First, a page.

Re: Recording is @$&#& humbling :(
Gombessa #2940679 01/30/20 01:41 PM
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I will use a metronome to help me get very short passages up to speed, but I absolutely can't use them on longer passages much less whole tunes. I think they're actually bad for me in that context, and encourage me to get away with more errors just to keep tempo.


Decent upright bassist; aspiring decent pianist
Present: Roland DP-603, Roland FP-30, Casio CDP-130
Past: Casio PX-830, Casio PX-160
Etc.: Yamaha MX61, PianoTeq Stage 6 (Bechstein, Bluethner, U4, Vibes, Xylo), Roland KC-80
Re: Recording is @$&#& humbling :(
Gombessa #2940683 01/30/20 01:51 PM
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Once you know the notes and the fingering, then practice the piece with a metronome and practice it with different tempos on the metronome.

Using the metronome, evaluate that you can play all the notes in the correct time, according to the score, at different tempos.

After that then you can evaluate your dynamics, legato, pedalling, etc. But the first priority from your description, will be the metronome practice.

Last edited by 3am_stargazing; 01/30/20 01:52 PM.

M-Audio Keystation 49 | Casio PX-S1000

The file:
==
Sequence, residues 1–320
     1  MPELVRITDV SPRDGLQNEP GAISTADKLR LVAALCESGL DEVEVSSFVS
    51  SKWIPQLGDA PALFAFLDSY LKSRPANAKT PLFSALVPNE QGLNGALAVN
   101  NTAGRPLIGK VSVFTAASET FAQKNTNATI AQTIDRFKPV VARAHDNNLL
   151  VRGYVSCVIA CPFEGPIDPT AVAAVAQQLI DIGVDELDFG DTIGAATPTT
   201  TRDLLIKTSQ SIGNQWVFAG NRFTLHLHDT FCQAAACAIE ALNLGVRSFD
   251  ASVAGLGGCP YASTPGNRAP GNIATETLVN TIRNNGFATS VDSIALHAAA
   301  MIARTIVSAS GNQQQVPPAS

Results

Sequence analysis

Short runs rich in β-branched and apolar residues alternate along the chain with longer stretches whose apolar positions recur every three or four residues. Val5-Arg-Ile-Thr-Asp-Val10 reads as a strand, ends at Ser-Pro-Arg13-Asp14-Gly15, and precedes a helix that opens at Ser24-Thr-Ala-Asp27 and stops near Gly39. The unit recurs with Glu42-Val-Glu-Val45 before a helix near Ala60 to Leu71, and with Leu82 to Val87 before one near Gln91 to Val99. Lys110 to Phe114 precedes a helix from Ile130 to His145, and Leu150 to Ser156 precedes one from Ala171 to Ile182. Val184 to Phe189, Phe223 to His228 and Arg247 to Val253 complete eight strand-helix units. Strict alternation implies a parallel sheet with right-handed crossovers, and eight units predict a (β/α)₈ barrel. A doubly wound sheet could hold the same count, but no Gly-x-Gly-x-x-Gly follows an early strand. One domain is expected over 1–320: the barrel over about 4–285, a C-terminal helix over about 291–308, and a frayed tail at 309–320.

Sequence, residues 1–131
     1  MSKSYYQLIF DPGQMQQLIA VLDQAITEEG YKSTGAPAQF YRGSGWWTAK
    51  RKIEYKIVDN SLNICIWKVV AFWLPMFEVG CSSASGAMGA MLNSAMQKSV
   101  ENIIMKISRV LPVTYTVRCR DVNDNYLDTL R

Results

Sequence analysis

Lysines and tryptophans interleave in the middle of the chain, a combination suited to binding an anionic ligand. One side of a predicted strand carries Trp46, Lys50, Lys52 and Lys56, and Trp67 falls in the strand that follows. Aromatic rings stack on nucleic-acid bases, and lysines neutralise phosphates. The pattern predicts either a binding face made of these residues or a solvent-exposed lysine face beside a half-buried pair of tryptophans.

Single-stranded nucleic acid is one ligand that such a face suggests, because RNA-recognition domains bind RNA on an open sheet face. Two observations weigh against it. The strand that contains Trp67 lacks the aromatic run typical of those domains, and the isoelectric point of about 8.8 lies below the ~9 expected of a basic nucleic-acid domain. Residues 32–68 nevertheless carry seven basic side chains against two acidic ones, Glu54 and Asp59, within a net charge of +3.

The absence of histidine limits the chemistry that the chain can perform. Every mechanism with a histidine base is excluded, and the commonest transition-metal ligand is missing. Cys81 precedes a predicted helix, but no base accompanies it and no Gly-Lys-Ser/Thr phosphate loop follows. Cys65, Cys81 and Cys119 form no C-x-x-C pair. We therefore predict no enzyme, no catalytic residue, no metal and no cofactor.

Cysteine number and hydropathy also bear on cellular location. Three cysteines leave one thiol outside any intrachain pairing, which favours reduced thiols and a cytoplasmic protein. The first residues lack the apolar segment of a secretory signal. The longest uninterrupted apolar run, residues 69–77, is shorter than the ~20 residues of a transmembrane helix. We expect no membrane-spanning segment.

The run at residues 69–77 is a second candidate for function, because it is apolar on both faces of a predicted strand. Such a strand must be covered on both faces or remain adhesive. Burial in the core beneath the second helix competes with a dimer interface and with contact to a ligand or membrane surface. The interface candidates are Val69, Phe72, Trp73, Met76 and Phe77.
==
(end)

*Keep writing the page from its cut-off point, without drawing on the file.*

Re: Recording is @$&#& humbling :(
QuasiUnaFantasia #2940684 01/30/20 01:52 PM
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Originally Posted by QuasiUnaFantasia
Originally Posted by OscarRamsey

Has anyone else used a metronome on here, and found it unbelievably distracting?


Playing along to a metronome is like having to compose a new song within five minutes, with a firing squad standing by to execute you, if you fail.
LOL... When I feel something is very wrong in my rhythm I use the internal metronome of my DP (at its minimum volume) and I imagine I'm playing one of those musical videogames where you have to press the right button at the right time to increase your score... In this way it can even be fun! laugh

Re: Recording is @$&#& humbling :(
magicpiano #2940687 01/30/20 01:59 PM
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Originally Posted by magicpiano
Originally Posted by QuasiUnaFantasia
Originally Posted by OscarRamsey

Has anyone else used a metronome on here, and found it unbelievably distracting?


Playing along to a metronome is like having to compose a new song within five minutes, with a firing squad standing by to execute you, if you fail.
LOL... When I feel something is very wrong in my rhythm I use the internal metronome of my DP (at its minimum volume) and I imagine I'm playing one of those musical videogames where you have to press the right button at the right time to increase your score... In this way it can even be fun! laugh


There are nice sounding metronomes!
https://indiebubbler.github.io/metro/

!!!